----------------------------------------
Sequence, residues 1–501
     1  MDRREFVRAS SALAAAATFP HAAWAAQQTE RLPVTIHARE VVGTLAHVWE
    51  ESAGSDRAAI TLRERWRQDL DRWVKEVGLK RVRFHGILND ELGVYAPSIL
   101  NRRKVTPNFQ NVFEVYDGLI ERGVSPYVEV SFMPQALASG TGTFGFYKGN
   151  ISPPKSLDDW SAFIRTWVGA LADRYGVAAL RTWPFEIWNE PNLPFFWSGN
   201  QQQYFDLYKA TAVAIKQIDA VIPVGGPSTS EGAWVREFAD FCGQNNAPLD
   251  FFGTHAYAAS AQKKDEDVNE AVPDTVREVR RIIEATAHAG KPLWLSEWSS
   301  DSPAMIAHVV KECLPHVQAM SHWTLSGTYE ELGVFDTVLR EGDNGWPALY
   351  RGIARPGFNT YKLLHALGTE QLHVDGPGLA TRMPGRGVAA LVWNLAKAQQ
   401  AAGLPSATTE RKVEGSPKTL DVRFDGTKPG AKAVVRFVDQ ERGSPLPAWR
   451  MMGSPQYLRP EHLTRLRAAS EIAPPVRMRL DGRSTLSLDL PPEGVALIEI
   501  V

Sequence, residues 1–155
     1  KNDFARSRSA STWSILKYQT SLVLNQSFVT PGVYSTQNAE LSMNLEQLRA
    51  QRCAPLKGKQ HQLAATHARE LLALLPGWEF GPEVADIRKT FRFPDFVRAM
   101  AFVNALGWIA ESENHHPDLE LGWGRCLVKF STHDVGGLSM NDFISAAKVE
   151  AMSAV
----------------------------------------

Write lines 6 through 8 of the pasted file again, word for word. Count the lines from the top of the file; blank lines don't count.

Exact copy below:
   201  QQQYFDLYKA TAVAIKQIDA VIPVGGPSTS EGAWVREFAD FCGQNNAPLD
   251  FFGTHAYAAS AQKKDEDVNE AVPDTVREVR RIIEATAHAG KPLWLSEWSS
   301  DSPAMIAHVV KECLPHVQAM SHWTLSGTYE ELGVFDTVLR EGDNGWPALY